ND Women’s Basketball
Hadley: Notre Dame, Stanford and Connecticut: the transitive property
Greg Hadley | Saturday, March 28, 2015
The transitive property is pretty simple: If A is greater than B, and B is greater than C, then A must be greater than C.
Unfortunately for No. 1 seed Notre Dame, things are not always that easy.
When the Irish beat Stanford, 81-60, to advance to the Elite Eight on Friday night, they topped the only team to best top-seeded Connecticut in the past two years. If basketball was as simple as the transitive property, that would be all you needed to know. There would be no doubt the Irish could top the Huskies and finally capture that elusive second NCAA title.
But the state of affairs is much more complex than such a simple comparison as that. The Stanford team Notre Dame thrashed Friday night was a shell of the one that upset Connecticut all the way back on Nov. 17.
Sophomore guard Lili Thompson scored a game-high 24 points against the Huskies but was hampered by injury Friday night and put up just two. Freshman forward Kaylee Johnson, who led the team in rebounds against UConn, did not play a minute against the Irish. The Cardinal shot just 35.4 percent from the field.
All of this is not to take away from the impressive work Irish head coach Muffet McGraw and her squad did against Stanford. They advanced to their fifth straight Elite Eight in style, dominating on the backs of star performances from sophomore guard Lindsay Allen and junior guard Jewell Loyd.
But if the Irish can continue to advance and eventually meet Connecticut in the title game, as many think they will, they cannot be simply good enough to beat the Stanford team they faced in the Sweet 16. They have to be better than Stanford was the night it halted Connecticut’s 47-game win streak.
If Notre Dame can recreate the conditions of that fateful game, common sense would suggest they would have similar success against the Huskies. So let’s go back to Nov. 18 to see what Stanford did to Connecticut then and how it compares to what Notre Dame accomplished Friday night.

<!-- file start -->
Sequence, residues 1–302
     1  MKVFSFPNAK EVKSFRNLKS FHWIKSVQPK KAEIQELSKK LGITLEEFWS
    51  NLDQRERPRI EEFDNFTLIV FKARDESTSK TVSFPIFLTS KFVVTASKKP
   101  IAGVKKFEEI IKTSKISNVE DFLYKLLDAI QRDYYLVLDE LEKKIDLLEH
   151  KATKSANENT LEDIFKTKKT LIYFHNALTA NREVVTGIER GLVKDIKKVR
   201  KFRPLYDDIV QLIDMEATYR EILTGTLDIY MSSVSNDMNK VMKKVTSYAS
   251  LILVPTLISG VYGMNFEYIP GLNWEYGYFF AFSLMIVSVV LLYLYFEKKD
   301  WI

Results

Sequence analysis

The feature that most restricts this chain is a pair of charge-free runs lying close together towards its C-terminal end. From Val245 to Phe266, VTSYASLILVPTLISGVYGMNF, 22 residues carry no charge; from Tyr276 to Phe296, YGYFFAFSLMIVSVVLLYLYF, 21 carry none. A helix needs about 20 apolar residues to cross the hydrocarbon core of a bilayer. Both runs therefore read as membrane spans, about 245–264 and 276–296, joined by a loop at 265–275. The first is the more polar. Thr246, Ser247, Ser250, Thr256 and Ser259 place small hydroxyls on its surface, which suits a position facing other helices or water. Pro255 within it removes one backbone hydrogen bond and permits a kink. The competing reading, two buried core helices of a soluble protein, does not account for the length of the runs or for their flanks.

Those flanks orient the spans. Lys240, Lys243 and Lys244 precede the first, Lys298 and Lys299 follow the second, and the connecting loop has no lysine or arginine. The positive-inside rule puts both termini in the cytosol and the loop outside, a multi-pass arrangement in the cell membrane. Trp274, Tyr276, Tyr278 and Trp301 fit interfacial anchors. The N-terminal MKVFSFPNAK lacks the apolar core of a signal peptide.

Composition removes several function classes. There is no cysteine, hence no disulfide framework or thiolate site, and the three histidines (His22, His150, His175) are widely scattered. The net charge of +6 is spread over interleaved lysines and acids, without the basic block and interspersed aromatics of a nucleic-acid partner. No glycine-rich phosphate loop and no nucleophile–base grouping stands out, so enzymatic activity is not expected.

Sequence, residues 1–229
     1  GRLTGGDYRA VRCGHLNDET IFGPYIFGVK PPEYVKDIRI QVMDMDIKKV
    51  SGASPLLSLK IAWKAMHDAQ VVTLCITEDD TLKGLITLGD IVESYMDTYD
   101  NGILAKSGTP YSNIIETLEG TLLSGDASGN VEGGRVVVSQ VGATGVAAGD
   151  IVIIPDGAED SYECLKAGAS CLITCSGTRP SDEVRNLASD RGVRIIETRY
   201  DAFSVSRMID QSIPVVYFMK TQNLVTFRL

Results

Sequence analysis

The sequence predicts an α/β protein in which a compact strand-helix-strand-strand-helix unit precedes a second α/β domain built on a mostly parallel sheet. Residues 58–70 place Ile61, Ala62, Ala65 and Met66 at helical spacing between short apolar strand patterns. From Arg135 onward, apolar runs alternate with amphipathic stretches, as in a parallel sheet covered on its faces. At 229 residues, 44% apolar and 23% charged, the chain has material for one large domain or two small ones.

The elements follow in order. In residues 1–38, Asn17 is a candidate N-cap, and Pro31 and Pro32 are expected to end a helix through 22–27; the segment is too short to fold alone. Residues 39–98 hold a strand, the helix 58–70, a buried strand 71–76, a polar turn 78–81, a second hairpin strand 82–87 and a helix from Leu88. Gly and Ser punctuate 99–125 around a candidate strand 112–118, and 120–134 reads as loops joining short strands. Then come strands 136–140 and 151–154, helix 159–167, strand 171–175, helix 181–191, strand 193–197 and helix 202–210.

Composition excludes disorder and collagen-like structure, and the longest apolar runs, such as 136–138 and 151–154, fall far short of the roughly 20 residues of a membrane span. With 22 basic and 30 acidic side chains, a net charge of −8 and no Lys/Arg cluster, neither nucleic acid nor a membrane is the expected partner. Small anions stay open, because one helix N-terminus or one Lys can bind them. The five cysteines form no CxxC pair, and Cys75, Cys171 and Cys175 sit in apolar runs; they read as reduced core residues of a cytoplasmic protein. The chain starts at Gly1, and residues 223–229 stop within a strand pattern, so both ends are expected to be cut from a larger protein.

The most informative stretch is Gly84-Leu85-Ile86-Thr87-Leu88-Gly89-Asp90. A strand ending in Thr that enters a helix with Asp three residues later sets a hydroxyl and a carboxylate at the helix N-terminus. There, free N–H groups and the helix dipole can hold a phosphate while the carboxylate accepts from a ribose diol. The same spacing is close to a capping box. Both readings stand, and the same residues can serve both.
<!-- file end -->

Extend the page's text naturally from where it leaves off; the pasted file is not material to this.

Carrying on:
First of all, the Cardinal allowed Connecticut’s star player, junior forward Breanna Stewart, to score 23 points and collect 10 rebounds but limited its other starters quite effectively. Senior forward Kaleena Mosqueda-Lewis, a finalist for many player of the year awards, only had 12 points and six rebounds, and the rest of the lineup was just as hamstrung.
Notre Dame did not have to deal with the same amount of offensive pressure due to Thompson’s absence, but the Irish still showed a similar strategy of allowing certain players to take their shots in favor of shutting down the rest of the offense. Only three Cardinal players — senior guard Amber Orrange, senior forward Bonnie Samuelson and sophomore Erica McCall — scored more than 10 points. The rest of the team shot a combined 19.4 percent from the field.
Secondly, Stanford held the rebounding edge against Connecticut, 41-37. The battle for the boards is a constant emphasis of McGraw’s, and it is a legitimate concern. The Irish are certainly not diminutive, but they are smaller than most other top-ranked squads. If they cannot at least break even on rebounds, the situation becomes grim. In its loss to Connecticut on Dec. 6, the total rebounds favored the Huskies, 52-34.
Against the Cardinal, however, Notre Dame fought hard and emerged in a dead heat on the boards — 39-39. What was key to this result was not just the play of the Irish frontcourt but the entire team. The Irish guards collected 21 of those rebounds. Against Connecticut, that number was just 11. As the Stanford game proved, Notre Dame does not need to dominate its opponents on the boards. Its guards are plenty good enough to give the Irish an edge. They just need to break even.
Lastly, Stanford beat Connecticut by stymying its NCAA-best 3-point shooting while also hitting 50 percent of its own shots from beyond the arc against one of the nation’s best defensive teams.
Notre Dame is one of the top teams in the country from long distance and kept that facet of the game going against the Cardinal, shooting 44.4 percent. What is crucial is how well the Irish defend. They held Stanford to 33.3 percent from 3-point territory but might have to be even better against Connecticut and Mosqueda-Lewis, who leads the country in 3-point percentage.
The transitive property might not hold for basketball, but the Irish can still draw confidence from beating the last team to top Connecticut. Despite travel delays and a late start time, Notre Dame looked efficient and business-like Friday night. The Elite Eight was never the end goal for this team, so there was no exuberance after the win. It was just more experience in case the Irish have their chance for revenge.